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Arianné Ulmer Cipes:
'The Daughter Of Director Ulmer'

A visitor to MGM brings with her a mission to preserve and promote the films of one of Hollywood's most interesting directors.

On February 18, 1998 Arianné Ulmer Cipes, daughter of the legendary Hollywood director Edgar G. Ulmer, paid a visit to the MGM stills department. She was looking for photos from her father's The Amazing Transparent Man and Beyond the Time Barrier, both from 1960. Savant had the privilege of watching her look through the aged, cloth-bound keyset books for those titles as the guest of stills archivist Gary Teetzel. Together we listened to her firsthand accounts of her famous father, for whom she also worked as an actress, and her present worldwide quest to reassemble the film record of what has to be one of the most unusual cinema careers on record.

A very young Edgar Ulmer began as a set builder and art director for F.W. Murnau (talk about starting at the top) and seems to have quickly penetrated the creative heart of the top European cinema of the 1920's. According to accounts, he worked on film designs for Swede Maurice Stiller, French comedian-director Max Linder, and Germans Murnau, Ernst Lubitsch, William Dieterle and Fritz Lang, contributing to Die Niebelungen (1924), Metropolis (1926), Spione (1928) and "M" (1931).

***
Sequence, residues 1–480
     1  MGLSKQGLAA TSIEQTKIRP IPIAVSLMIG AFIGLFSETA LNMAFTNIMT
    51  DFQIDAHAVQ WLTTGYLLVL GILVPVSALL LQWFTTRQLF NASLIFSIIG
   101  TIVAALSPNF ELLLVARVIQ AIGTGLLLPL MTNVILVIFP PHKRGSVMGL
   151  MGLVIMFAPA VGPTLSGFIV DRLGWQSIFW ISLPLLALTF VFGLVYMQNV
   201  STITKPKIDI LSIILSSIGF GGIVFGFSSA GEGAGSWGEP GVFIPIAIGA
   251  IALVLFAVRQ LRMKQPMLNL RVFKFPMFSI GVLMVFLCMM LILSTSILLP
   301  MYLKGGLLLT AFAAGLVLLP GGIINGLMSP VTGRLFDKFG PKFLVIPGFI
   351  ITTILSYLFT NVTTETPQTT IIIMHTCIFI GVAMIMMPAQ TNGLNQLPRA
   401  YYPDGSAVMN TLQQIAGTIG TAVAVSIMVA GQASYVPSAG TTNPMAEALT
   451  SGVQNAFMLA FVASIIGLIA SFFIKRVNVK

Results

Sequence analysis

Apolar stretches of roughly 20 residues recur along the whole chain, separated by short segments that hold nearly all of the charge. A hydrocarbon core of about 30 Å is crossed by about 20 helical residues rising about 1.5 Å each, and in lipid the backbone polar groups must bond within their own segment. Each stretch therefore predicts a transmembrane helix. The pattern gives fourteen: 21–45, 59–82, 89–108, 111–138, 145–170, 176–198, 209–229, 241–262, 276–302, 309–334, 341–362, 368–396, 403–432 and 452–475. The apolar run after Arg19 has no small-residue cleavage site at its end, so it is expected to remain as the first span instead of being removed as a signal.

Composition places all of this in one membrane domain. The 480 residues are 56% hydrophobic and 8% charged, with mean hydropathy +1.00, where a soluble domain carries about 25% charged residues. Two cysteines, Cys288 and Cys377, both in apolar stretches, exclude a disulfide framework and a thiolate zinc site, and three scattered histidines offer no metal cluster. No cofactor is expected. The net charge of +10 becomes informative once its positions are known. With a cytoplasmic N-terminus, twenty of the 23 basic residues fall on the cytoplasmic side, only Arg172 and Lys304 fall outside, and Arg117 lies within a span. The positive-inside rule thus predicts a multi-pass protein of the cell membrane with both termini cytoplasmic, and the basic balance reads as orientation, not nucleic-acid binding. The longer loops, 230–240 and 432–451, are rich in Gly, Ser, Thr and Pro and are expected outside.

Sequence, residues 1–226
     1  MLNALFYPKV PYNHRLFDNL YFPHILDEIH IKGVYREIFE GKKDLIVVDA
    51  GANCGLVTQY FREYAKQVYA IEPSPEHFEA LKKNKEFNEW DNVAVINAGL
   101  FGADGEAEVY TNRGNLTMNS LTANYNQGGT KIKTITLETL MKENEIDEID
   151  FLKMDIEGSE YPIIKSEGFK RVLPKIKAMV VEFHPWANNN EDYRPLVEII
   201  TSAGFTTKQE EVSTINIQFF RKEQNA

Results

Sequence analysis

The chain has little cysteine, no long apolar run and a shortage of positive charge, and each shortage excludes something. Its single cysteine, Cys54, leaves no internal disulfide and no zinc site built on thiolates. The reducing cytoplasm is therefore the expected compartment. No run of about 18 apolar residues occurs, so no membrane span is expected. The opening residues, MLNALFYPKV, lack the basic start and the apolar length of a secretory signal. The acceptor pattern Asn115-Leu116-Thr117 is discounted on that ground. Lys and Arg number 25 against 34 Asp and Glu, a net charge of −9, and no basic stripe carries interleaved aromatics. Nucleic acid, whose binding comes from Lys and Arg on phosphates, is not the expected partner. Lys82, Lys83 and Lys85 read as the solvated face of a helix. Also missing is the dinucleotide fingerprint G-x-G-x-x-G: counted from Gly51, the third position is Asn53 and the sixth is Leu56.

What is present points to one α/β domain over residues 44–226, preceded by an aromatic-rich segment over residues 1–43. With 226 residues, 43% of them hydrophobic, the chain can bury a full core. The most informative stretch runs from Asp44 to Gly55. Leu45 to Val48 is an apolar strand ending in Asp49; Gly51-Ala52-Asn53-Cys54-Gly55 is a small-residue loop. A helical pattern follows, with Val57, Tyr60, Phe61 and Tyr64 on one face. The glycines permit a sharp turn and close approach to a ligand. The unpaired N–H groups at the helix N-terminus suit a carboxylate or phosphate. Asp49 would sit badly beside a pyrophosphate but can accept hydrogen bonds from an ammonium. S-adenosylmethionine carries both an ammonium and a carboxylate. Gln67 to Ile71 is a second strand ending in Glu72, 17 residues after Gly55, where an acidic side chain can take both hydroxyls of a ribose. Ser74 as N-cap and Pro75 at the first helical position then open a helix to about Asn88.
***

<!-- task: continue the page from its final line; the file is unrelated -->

Ulmer's first directing job was on a film he produced and co-directed with Robert Siodmak in Berlin called Menschen am sonntag (1929), which also involved the participation of future greats Billy Wilder and Fred Zinnemann. Following Murnau to Fox pictures in California, Ulmer designed the huge, staggeringly beautiful exterior sets for Sunrise (1927), requiring the studio to purchase a tremendous lot (now most of Century City) to accomodate them.

After directing what is regarded as the finest Boris Karloff/Bela Lugosi collaboration, The Black Cat (1934), Ulmer worked almost completely outside the normal Hollywood system, a creative dynamo who not only dashed out coherent little four-day classics for underdog studios like PRC, but who made ethnic Yiddish and Ukranian folktale movies in New Jersey (!!).